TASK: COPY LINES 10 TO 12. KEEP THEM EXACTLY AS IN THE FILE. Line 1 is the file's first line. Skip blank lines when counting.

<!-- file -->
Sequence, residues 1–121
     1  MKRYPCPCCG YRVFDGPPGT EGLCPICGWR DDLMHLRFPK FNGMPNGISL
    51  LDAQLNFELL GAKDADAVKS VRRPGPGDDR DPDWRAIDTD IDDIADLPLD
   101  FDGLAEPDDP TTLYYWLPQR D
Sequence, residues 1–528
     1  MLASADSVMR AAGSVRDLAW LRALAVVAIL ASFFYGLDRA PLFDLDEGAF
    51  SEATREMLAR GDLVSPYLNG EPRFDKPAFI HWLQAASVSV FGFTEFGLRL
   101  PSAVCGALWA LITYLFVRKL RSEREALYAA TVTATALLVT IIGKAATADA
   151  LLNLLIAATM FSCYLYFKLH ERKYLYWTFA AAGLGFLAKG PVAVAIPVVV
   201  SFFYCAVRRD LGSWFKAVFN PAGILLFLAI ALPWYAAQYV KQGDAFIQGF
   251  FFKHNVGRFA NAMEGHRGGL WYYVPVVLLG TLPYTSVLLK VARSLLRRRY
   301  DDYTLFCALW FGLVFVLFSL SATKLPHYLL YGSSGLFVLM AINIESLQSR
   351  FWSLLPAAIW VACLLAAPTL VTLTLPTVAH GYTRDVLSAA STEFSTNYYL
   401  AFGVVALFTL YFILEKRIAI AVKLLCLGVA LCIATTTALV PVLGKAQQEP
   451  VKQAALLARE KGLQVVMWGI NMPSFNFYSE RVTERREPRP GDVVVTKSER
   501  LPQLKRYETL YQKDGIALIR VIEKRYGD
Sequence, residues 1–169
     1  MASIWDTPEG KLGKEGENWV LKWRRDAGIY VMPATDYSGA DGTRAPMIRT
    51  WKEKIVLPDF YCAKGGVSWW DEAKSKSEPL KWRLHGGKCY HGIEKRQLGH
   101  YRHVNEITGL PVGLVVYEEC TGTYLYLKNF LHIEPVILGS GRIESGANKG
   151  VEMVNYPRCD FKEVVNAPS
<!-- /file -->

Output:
   201  SFFYCAVRRD LGSWFKAVFN PAGILLFLAI ALPWYAAQYV KQGDAFIQGF
   251  FFKHNVGRFA NAMEGHRGGL WYYVPVVLLG TLPYTSVLLK VARSLLRRRY
   301  DDYTLFCALW FGLVFVLFSL SATKLPHYLL YGSSGLFVLM AINIESLQSR